Weekly Opinion Editorial
A POLITICAL TORNADO!
by Steve Fair
Last week, a host of candidates filed for office in Oklahoma. The Sooner state is one of only two that have both U.S. Senate races on the ballot (California is the other) in 2022. A total of 26 candidates filed for the two seats. 13 Republicans filed for the seat currently held by U.S. Senator Inhofe. U.S. Senator James Lankford, up for re-election, faces 2 opponents in the GOP primary. The 2nd Congressional district seat, currently held by Congressman Mark Wayne Mullin, who is running for the Inhofe senate seat, has 14 Republicans vying to replace him.
Governor Kevin Stitt faces 3 primary opponents. Lt. Governor Matt Pinnell has no Republican opponent. State Auditor Cindy Byrd faces a Republican primary opponent and State Labor Commissioner Leslie Osburn has 2 GOP opponents. 3 statewide ‘open’ seats (no incumbent) drew multiple Republican candidates. There are 3 GOP candidates for State Treasurer, 3 for State Superintendent of Public Instruction, and 4 for Corporation Commissioner. The Attorney General race has 2 Republicans facing off in the primary. The current AG was appointed by Governor Stitt, so technically it is an ‘open’ seat as well. Only 1 statewide elected official did not draw an opponent, Insurance Commissioner Glen Mulready.
In the judicial and District Attorney races, 116 of the 148 non-partisan judges were unopposed. 22 of the state’s 27 DAs didn’t draw opponents. 9 of the 24 state senators up for election were unopposed. 32 of the 101 state representatives didn’t draw opponents. A candidate’s hope is to file unopposed, thereby avoiding a campaign. Three observations:
First, Oklahoma Republicans will need to buy bigger mailboxes and stop watching TV. GOP voter’s mailboxes are about to be full. With the Republican primary just 70 days away (Tuesday June 28th), candidates will be bombarding voters with multiple mail pieces. Slick, well produced television ads will dominate the airways. Facebook, Twitter and other social media platforms will be flooded with political content.
Candidates will tout their superior qualifications, intelligence, judgment and their opponent’s shortcomings and deficiencies. The truth in labeling Act doesn’t apply to politics, so not everything that will be mailed will be truthful. Campaigns bank on ‘low information’ voters(people who only pay attention every two years). That avoid the hard issues and instead appeal to voters on an emotional level, because it is a proven tactic.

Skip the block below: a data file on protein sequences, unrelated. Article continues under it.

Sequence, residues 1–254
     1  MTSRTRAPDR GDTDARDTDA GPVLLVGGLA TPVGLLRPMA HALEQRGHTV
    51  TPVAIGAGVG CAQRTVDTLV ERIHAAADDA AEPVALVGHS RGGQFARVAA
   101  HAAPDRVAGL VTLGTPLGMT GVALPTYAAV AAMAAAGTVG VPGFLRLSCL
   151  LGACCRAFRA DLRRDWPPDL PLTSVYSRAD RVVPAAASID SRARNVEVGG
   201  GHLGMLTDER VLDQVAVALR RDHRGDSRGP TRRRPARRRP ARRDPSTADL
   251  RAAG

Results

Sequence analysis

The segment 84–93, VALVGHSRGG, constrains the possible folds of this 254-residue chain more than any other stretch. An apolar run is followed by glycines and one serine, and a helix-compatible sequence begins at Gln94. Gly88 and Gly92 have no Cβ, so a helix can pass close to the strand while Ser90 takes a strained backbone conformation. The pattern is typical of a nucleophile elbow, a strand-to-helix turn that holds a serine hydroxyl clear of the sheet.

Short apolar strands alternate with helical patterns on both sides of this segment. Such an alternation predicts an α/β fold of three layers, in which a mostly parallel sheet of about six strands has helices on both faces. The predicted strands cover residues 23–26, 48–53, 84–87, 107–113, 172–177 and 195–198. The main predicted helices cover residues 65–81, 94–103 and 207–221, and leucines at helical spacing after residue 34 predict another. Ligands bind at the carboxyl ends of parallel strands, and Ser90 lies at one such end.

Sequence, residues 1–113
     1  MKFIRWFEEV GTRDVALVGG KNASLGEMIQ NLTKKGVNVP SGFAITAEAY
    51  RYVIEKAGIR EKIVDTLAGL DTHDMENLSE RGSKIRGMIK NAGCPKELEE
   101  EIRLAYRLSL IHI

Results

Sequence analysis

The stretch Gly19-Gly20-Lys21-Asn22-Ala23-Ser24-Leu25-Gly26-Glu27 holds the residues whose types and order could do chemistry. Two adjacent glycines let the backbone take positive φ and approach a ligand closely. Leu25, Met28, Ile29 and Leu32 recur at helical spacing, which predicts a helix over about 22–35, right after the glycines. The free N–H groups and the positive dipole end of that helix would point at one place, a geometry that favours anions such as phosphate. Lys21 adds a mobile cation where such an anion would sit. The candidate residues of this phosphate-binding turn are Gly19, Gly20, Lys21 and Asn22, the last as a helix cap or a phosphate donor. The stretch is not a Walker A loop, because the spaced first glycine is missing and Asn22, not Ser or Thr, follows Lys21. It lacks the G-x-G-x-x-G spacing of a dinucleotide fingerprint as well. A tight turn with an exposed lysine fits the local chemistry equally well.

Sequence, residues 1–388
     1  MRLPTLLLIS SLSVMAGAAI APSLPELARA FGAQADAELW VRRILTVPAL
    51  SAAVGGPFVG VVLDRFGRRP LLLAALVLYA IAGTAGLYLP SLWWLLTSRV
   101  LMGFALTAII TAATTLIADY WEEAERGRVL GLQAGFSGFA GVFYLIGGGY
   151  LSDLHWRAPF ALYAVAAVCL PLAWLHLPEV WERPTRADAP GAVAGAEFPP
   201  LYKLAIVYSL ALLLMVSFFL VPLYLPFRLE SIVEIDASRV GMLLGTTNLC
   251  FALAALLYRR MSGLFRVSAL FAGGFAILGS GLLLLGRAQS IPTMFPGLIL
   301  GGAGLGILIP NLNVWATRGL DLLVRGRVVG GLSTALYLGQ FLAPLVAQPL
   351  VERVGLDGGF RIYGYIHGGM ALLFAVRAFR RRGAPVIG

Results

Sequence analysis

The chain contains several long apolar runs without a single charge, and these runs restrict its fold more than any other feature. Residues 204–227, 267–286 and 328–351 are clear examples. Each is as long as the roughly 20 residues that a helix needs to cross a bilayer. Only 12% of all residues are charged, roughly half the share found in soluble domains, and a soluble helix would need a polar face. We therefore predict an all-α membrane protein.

Second, voters need to learn to properly vet candidates. Don’t begin questioning a candidate with an editorial statement of your position on the issue. You are not the candidate. The goal is to find out what the candidate’s stance is on the issue. They are the one casting the vote. Listen carefully to the candidate’s respond and insist the question is answered clearly and concisely. When viewing campaign ads and material, recognize candidates always paint themselves in a positive light and their opponent in a negative light. Ask people who are more engaged than you in the political process about candidates. Pray and ask God to give you insight and discernment about who to cast your vote for. Don’t base your voting decision on a yard sign, a mail piece, a TV ad, or an eloquent speech. Your vote is a sacred right- cast it wisely. All candidates/politicians are not alike. Be an informed voter.
Third, respect all who run for office. It takes courage and resolve to file for office. In a self-governed system of government, having good people put themselves up for scrutiny by running for elective office is no small thing. You can disagree with their ideas without being disrespectful, insulting, or mean-spirited.
In 70 days, most of the statewide races will be decided. Democrats have a slim chance of winning a statewide race in Oklahoma, so whoever wins the GOP primary will likely cruise to victory in November. Get ready for a political tornado the next 2 months. Don’t get caught in the vortex!